The Comeback
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Rating: 3.6/5 (5 votes cast)

The Comeback

When a professional hockey player’s wife is tragically killed in a plane crash, he walks away from the game to care for his daughter until years later she convinces him to come back and restore his team to its former glory.

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  1. January 14, 2014, 12:34 am
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    A great family sports films. I am glad to see someone write about hockey and put a family feel to it. Great characters and a sweet story. A good old fashion film

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  2. admin says
    July 16, 2013, 5:06 pm
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    Phoebe Lenhart reviews:

    Very nice story!

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  3. hingylingy says
    July 16, 2013, 1:47 am
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    Chase, my man… good story, It is a great feel good story and from that standpoint I believe it to be a winner.

    I really enjoyed both the movie Rocky and Miracle!
    It is also timely for us in Chicago considering our Stanley Cup victory.
    I partially agree with our colleagues posts above, perhaps a little more conflict and work on the dialogue. But everyone needs to remember, this could be a Disney movie and the “Comeback” on its own may just be what the Doctor ordered for a good family movie.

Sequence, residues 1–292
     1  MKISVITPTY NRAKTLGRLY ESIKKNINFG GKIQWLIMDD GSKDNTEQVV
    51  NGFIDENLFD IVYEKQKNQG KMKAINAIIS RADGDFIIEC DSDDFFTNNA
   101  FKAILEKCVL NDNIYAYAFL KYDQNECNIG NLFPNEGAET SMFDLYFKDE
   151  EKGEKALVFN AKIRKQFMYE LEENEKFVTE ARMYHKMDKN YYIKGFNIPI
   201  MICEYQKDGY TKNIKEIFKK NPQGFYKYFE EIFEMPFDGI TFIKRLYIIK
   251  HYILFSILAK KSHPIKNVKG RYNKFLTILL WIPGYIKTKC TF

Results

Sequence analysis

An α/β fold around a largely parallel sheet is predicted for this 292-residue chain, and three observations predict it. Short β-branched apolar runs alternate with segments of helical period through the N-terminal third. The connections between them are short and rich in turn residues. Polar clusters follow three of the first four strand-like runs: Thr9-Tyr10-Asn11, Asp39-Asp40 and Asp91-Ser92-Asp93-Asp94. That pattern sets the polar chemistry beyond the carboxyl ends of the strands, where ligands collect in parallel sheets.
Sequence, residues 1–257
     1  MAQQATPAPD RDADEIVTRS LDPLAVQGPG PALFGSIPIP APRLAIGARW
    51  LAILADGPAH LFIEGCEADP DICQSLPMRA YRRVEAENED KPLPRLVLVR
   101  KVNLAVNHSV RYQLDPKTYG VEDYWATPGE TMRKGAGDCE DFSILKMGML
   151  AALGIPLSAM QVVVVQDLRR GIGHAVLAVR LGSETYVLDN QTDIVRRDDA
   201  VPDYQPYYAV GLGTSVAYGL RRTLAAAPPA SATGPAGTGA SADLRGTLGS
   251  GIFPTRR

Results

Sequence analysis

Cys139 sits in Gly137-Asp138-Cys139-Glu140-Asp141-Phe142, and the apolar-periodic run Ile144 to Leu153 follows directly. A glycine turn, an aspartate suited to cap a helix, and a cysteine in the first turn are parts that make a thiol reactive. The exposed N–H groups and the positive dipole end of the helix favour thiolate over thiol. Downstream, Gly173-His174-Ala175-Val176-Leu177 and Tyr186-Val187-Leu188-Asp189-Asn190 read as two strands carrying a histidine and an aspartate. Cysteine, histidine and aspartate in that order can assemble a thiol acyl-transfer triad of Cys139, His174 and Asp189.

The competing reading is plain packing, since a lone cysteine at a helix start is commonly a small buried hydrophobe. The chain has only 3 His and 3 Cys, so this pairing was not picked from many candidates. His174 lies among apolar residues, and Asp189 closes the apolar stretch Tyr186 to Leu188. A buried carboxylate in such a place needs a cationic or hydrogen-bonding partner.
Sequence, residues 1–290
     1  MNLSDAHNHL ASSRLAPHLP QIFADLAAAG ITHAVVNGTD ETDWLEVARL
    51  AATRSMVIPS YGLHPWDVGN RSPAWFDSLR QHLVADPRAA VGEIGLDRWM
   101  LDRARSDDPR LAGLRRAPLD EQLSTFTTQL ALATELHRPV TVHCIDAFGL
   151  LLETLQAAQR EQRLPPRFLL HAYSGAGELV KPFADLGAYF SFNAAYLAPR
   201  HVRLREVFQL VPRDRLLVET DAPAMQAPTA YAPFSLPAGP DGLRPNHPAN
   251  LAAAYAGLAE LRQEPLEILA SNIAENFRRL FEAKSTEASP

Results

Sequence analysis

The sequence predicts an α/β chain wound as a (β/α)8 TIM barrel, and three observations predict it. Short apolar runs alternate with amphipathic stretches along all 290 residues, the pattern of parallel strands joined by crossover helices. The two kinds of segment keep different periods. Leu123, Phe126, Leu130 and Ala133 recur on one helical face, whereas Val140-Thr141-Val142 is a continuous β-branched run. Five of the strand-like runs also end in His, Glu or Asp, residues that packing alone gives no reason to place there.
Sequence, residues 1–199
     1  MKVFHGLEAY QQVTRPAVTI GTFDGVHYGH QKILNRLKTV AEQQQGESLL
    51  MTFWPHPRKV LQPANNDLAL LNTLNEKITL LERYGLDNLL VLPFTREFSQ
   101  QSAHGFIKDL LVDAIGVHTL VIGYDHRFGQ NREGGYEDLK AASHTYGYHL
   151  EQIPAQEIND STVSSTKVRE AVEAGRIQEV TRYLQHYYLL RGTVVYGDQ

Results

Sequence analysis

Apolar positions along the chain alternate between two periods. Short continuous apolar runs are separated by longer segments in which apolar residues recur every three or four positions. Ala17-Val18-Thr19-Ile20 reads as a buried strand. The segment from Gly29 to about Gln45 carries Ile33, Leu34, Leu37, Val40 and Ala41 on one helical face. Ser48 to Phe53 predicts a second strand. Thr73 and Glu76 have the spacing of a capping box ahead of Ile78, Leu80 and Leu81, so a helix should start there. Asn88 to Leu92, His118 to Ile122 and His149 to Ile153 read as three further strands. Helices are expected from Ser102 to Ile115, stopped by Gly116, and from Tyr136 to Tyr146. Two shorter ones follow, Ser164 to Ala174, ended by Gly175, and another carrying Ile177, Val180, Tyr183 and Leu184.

I also believe that too much consistent conflict doesn’t let the mood set in, and in a piece like this we do want a moment to collect our emotions and actually go with the flow and feel good about something we are taking in at the movies!

    I agree with Mikeyz, Inspiring work.

    Job well done.

    Jay

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  4. June 6, 2013, 1:56 pm
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    Hi Chase, the story definitely has a good feel vibe to it, which has potential.

    Now, Act 1 wasn’t so bad. One can easily read it and say hey its completely plot driven, which isn’t a bad thing, cause it works.